Mourning Mike-Mike Amid the Madness.

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… So for sixteen days we all had to bide time until the boy could be buried. It would be sixteen days before his body could, at last, be lowered into the uneasy, overturned earth, and all the while, he was taken apart and reassembled, both in organ and in character. Each day brought some new revelation about the placement of bullets, each day a new besmirching of his personality.

During those weeks’ wait,  his death spun out like shrapnel, dust, detritus, like tear gas and rivulets of milk, like whispers of revolt and like war cries. His passing meant too many things to strangers and had settled under their skin, left burns, begun to scab.

It became hard to remember Mike-Mike in the madness, hard to recall the exact name of his college or his precise height and weight. We couldn’t quite tell each other the color of his eyes. None of us knew what could invariably make him laugh. Too many images loomed larger: law enforcement  in riot gear, rifles trained on children, threats — nay, promises — of more murder and bodily harm at the hands of local police.

We were so haunted we couldn’t remember that we’d never known the actual boy at all.

When someone dies unjustly, all his journals are judged as unauthorized memoirs. Every article we pen about him is its own invasive autopsy. We learn too much, the intimate and the inconsequential: last few breakfasts, innermost fears. We read or overhear that he had been dreaming of bloodied bedsheets. In his last few fits of slumber, he could hear a bell of reckoning. He thought it tolled for friends, for relatives. He did not know it knelled for him. We learn all about the poorness of his high school, how for senior portraits, the graduating students had to circulate a single cap and gown. We learn mortifying, mystifying things. Injustices long swallowed rise up in our throats like bile till Mike Brown becomes a battle cry.

But sometimes, when all is said and done, we realize we’ve learned nothing we should’ve.

He was buried on a Monday and by the time it happened, he was cause, he was principle, a platform for voter’s registration, a morality play, an archetype, a cautionary tale. But only for the people who knew the clouds that could pass through his eyes when he worried, who remembered the day his squeaky voice dropped, whose thoughts of him toggled between more than convenience store and corpse… only they could truly mourn his simply as a boy. Their boy.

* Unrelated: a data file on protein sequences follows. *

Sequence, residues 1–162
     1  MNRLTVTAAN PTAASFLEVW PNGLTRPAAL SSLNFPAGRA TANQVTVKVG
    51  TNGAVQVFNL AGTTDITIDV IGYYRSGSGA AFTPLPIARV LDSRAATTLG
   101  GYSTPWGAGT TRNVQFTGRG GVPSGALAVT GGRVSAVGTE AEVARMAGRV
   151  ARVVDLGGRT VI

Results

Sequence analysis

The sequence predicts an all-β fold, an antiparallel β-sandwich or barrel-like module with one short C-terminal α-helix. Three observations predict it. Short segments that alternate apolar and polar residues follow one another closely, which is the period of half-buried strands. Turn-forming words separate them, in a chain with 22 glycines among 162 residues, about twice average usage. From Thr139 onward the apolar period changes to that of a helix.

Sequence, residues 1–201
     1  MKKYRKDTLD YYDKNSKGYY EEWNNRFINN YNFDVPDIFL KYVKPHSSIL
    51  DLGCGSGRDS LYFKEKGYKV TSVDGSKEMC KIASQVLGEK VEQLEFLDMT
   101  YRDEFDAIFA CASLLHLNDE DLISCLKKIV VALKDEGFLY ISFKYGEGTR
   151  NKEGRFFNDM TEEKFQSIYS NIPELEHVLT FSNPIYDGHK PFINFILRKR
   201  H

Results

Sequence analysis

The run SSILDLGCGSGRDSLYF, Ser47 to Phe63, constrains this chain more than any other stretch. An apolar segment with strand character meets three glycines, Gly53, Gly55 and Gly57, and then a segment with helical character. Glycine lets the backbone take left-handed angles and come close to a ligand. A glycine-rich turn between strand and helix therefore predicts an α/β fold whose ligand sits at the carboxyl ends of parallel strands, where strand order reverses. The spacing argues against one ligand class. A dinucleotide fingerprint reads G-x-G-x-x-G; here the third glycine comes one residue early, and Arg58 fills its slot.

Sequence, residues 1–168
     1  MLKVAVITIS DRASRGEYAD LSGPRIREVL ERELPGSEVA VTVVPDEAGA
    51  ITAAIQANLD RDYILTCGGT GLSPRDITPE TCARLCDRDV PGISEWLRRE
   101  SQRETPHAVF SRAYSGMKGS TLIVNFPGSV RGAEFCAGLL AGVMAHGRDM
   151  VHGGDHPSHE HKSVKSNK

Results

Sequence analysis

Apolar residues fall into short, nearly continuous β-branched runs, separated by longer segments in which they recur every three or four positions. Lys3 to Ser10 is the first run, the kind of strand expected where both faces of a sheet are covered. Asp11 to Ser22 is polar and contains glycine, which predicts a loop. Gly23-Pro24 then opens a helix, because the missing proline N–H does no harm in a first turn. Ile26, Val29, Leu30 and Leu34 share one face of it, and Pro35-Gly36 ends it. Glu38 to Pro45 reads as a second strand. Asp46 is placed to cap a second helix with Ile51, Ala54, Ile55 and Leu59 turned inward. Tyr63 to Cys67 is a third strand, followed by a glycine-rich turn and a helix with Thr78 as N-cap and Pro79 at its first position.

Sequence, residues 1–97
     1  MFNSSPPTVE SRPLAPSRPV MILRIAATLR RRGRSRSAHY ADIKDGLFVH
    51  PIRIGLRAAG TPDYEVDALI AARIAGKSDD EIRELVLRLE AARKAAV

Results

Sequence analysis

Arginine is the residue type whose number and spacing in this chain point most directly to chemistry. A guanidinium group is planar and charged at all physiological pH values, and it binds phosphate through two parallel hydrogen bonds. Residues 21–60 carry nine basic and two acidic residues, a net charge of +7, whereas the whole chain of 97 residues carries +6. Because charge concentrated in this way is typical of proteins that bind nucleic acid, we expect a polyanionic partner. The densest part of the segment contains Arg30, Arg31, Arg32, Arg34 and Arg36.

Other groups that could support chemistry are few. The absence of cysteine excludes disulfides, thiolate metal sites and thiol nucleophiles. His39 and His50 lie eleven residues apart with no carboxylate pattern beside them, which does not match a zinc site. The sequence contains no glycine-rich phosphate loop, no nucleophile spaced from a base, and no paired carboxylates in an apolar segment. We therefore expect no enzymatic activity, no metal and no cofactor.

The family allowed us to mourn their boy, letting television cameras live-stream his funeral. They gave the press exclusive access to their grief. They implored us to understand the skin, the bone, and the murky, thoughtful, aspirational mind of their son. We tried. At least some of us tried. But it is hard enough to understand people we’ve met and near impossible to truly know a young man we may never have seen, had he not been riddled with bullets on a random summer afternoon. It had been difficult, then, not to co-opt him, difficult not to project onto him our own fears, our own sorrows. Because those boundaries were becoming so blurred, this final access rankled some and was welcomed by others. Some of us needed to watch his homegoing; others needed nothing so much as to look away. But in truth, from the time the boy’s body became public spectacle, lain bare for four hours on a sleepy street in Ferguson, we’d been given more access to him than he or his parents or any of us would ever have wanted.

Michael Brown Sr. (center), surrounding by family at the grave site where his son was laid to rest.
Michael Brown Sr. (center), surrounding by family at the grave site where his son was laid to rest.

Like Mamie Till-Mobley before them, Lesley McSpadden and Michael Brown Sr. wanted the world to continuing seeing the injustice that what was done to their baby.

I have always found it discordant to attend a funeral where the songs are uptempo and the attendees are rejoicing. I do not know how to call a funeral a homegoing or death a transition, though they are, of course, all of those things. What I want most when laying someone to rest is the space to sob as I recall him, the arms to hold me as I buckle, company of a great cloud of witnesses. But everyone needs different things in times of unthinkable sorrow, laughter as much as mourning, the catching of the Holy Ghost as much as a graveside howl. All I can hope is that, by letting us in, on Monday, as they have on every day since they lost their eldest son, the family and friends of Michael Brown Jr.’s had all that they needed. I hope that in the months and years to come, the cavern of that need will never be hollowed and always be filled.

For Now, We Are Still Alive.

Beloved, the hope that I owe you — the hope to which you are entitled — is not something I can cloak in gossamer metaphor. I cannot paint you the Pangaea that all parents feel they should.

But neither will I speak to you as though the very sky is a fraud, as though our lives are a set breaking down, are a studio lot in foreclosure. There is no walking away from this, as we would from a dimly lit theatre at the close of a sobering film. 

We are real. And for now — just for now — we are still alive.